Watering 101

Did you know that overwatering is the most common problem in home and commercial landscaping? Or that outdoor watering can cause water use to double or triple during the summer? This is often because people don’t know how much water their landscape needs. And, it’s one reason why irrigation — whether it’s a single sprinkler attached to a hose or a sophisticated underground system — is a key component to your water conservation efforts. The first point to remember is that the greatest waste of water is watering too much, too often. Below are some basic tips to get you started.

Water When Temperatures Are Cooler and the Air is Calmer
Make sure you water before 10 a.m. or after 6 p.m. when temperatures are cooler and the afternoon winds have calmed so that evaporation is kept to a minimum.

Apply the Amount of Water Your Soil Can Absorb
The amount you water should be based on soil conditions and plant needs. Here in the Pacific Northwest, soils are typically clay or sandy loam, which may take longer for the water to penetrate. Run off and puddling are visible cues that water is being applied at a quicker rate than it can be absorbed.

If this occurs, you may want to use a “cycle and soak” pattern for watering so that you apply water for a shorter time period, let it soak in, and then repeat the process. For example, if your watering schedule is 40 minutes per week and you plan to water 2 days per week, your new “cycle and soak” schedule might be to water for 10 minutes at 6 a.m. and then again for 10 minutes at 8 a.m.

Water to Your Plants’ Needs
On average, we recommend watering your lawn about an inch a week – a bit more during long, hot, dry spells and a bit less during the cooler spring and fall. Trees, shrubs, and perennials typically don’t need water as frequently, however, they may require more volume at each cycle, so it is best to check with your local garden center or landscape professional about your plants’ specific watering needs.

Amend Your Soil with Mulch
Mulches come in two forms — organic and inorganic. Organic mulches include aged manure, kitchen compost, and bark chips or wood chips. Organic mulches increase the soil’s ability to store water by covering and cooling the soil thereby minimizing evaporation. Inorganic mulches, such as gravel and river rock, can provide interesting landscape textures; however they do absorb and re-radiate the sun’s heat, increasing the amount of water surrounding plants will need to survive. Mulches also reduce erosion and help with weed control.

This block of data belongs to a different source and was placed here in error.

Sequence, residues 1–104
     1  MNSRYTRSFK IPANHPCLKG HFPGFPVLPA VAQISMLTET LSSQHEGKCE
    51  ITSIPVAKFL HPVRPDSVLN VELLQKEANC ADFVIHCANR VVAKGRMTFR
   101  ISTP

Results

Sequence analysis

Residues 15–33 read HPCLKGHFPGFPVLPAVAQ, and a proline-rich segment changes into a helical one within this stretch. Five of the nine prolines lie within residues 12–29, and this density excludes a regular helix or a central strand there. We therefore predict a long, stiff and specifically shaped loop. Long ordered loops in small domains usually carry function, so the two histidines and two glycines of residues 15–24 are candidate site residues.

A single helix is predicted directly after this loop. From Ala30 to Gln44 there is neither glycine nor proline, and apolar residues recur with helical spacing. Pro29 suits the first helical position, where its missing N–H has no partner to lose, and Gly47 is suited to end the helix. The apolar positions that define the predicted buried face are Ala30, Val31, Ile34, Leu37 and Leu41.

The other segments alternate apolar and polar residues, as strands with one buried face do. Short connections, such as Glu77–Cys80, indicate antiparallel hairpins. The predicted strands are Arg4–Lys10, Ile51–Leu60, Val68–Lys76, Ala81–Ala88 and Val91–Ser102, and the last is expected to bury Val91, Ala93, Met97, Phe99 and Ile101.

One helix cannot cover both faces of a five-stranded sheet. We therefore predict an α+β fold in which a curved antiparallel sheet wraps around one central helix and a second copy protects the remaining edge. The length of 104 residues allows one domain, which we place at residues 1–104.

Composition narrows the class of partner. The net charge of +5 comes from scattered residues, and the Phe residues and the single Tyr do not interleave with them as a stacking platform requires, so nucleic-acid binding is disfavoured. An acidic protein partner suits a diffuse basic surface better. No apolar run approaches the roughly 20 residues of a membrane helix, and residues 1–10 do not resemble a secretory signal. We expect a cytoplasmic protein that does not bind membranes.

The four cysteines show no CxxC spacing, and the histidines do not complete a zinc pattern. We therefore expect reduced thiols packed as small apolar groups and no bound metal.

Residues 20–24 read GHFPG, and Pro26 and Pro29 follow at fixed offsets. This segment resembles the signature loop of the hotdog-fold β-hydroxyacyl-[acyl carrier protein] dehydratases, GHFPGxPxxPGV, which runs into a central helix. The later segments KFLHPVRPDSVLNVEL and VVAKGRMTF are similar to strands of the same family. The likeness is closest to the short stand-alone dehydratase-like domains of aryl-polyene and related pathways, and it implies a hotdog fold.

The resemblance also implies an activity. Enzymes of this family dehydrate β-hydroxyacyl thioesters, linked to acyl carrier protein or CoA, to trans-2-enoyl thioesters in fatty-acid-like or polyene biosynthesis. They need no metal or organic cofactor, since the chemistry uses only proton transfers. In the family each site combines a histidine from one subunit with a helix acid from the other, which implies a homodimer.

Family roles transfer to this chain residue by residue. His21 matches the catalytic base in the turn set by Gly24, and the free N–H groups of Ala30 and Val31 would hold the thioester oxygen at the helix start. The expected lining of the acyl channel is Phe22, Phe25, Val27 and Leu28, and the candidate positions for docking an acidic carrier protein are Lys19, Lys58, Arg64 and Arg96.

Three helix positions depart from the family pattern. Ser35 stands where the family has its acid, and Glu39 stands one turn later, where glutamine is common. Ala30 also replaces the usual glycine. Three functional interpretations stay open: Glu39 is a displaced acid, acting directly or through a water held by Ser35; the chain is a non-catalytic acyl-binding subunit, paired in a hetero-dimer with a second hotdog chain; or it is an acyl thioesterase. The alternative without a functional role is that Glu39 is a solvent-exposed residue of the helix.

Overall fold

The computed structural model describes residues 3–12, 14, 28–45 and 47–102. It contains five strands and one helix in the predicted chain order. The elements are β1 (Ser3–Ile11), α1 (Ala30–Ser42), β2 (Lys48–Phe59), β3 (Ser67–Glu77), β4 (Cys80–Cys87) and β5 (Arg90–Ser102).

Use about 3 inches of organic mulch for weed control, but do not bury the crowns of plants because they may smother and rot. If the mulch is too deep, water will have a difficult time reaching the plant roots.

Group Plants with Similar Water Needs
Different plants need different amounts of water, sun, and shade to survive. Some microclimates of your yard are probably hotter and drier, or wetter and cooler, than others.

Create Watering Zones In addition to your yard’s microclimates, look at creating watering zones within your landscape. Inside each zone, all of the plants should have the same general watering needs, allowing you to give each plant the water it requires — not too much or too little. Watering zones help you avoid wasting water while helping to reduce the time and effort needed to maintain your garden.

Set It, but Don’t Forget It
The key to efficient irrigation is to adjust watering schedules frequently during the season. If you set your automatic controller once for the hottest part of the summer and let it run all season, you’re wasting a lot of water that could damage your plants along with your wallet. Most modern controllers allow you to easily adjust your watering schedule based on the weather.

Water Thoroughly, but Infrequently
Watering thoroughly, but infrequently, will help roots go deeper, resulting in more water efficient, drought-tolerant plants. This is one reason the City recommends watering one or two times per week. It will also save you time.